Energy companies are facing increasing social and political demand to adopt a new business model. Indeed, all industries that are deemed as heavy emitters are getting hard-pressed to put people and the planet first. According to Capgemini, only 18% of energy companies have a comprehensive new business model that prioritizes decarbonization, digitization and decentralization. Lack of competencies in this area is cited as one of the main roadblocks, with 70% of respondents stating they are unable to develop new-energy business models. Additionally, 62% of corporations say they lack the internal expertise required to create, promote, and manage services.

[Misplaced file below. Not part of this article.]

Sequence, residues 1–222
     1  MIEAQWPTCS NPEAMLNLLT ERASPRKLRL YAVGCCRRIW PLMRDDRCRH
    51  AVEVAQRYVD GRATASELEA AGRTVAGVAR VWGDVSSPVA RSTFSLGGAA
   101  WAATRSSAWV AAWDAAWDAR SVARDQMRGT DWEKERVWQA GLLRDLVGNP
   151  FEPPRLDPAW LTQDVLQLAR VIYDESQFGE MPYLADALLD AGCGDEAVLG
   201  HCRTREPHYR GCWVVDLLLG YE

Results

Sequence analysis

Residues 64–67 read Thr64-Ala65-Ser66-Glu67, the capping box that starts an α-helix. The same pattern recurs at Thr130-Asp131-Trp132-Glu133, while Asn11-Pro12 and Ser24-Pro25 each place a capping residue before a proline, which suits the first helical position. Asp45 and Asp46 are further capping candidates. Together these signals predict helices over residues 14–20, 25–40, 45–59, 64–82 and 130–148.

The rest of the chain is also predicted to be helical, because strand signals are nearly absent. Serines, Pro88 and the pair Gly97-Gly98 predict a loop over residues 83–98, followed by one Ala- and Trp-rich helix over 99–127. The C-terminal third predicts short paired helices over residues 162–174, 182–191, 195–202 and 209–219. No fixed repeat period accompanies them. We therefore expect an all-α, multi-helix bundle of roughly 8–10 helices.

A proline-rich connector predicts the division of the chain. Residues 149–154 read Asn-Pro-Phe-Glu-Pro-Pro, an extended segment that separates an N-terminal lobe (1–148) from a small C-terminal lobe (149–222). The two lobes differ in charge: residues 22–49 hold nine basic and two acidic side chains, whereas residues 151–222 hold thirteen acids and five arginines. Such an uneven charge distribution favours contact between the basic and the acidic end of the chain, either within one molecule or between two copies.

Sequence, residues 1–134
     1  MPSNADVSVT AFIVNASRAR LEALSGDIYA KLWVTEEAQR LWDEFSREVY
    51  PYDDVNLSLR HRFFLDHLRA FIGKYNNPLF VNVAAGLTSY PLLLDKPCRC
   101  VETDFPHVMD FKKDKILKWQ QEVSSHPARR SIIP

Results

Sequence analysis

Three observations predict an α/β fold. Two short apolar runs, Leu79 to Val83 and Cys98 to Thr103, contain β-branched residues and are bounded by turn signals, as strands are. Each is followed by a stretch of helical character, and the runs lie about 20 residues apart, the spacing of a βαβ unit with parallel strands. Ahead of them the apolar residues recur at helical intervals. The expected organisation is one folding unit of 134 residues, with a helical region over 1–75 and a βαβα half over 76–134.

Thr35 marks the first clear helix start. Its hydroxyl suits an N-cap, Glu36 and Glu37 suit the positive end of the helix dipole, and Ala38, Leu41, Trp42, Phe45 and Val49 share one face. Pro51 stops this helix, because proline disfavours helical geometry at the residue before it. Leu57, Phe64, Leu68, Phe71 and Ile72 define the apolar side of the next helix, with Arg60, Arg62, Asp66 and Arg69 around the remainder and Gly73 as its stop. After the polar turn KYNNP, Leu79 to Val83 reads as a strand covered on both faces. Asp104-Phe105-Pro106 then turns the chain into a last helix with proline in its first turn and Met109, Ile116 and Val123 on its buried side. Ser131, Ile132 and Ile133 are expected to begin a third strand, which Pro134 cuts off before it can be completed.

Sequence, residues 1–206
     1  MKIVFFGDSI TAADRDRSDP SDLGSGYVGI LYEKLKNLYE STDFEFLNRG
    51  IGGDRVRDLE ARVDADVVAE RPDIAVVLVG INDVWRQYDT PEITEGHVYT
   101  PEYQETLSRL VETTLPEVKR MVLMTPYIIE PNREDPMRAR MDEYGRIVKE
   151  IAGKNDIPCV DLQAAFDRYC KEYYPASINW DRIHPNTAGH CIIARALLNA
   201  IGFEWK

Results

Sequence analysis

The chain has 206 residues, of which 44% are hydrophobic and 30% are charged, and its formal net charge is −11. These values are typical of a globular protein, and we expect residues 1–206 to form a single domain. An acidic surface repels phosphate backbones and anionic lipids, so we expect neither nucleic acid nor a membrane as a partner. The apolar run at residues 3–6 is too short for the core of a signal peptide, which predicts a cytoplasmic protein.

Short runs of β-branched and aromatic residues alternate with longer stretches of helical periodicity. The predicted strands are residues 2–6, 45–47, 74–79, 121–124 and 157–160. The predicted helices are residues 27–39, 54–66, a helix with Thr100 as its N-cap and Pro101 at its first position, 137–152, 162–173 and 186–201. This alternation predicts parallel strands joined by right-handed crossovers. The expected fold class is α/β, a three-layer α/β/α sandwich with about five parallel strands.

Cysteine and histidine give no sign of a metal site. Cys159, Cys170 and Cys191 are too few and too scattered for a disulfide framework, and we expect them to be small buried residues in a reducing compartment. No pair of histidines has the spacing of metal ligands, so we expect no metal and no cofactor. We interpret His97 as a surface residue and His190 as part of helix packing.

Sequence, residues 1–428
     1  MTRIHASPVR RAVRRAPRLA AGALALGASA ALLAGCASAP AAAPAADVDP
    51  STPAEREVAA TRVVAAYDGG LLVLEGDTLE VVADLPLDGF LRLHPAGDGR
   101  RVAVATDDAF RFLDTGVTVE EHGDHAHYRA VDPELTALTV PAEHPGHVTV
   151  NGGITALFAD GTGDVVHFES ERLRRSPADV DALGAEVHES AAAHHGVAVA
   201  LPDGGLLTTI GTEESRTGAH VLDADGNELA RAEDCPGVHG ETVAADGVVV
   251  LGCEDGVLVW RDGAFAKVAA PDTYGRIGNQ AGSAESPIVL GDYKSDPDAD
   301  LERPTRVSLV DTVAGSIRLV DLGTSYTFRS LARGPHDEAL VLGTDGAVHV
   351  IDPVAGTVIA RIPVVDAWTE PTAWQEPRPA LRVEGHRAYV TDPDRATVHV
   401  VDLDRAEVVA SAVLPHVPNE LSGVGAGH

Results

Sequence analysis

Perception issues among the younger generations 

Energy and utility companies face a perception issue with Gen Zers who are expected to make up 27% of the workforce by 2025. E&U companies are often deemed as static and old-fashioned, making them unattractive employers for Gen Zers, who prefer modern or well-established companies, government agencies or even startups. Energy companies also have to contend with reputational concerns such as environmental issues associated with oil and gas. According to a study by PwC, 14% of millennials report they would avoid working in oil and gas because of the industry's image.

Lack of diversity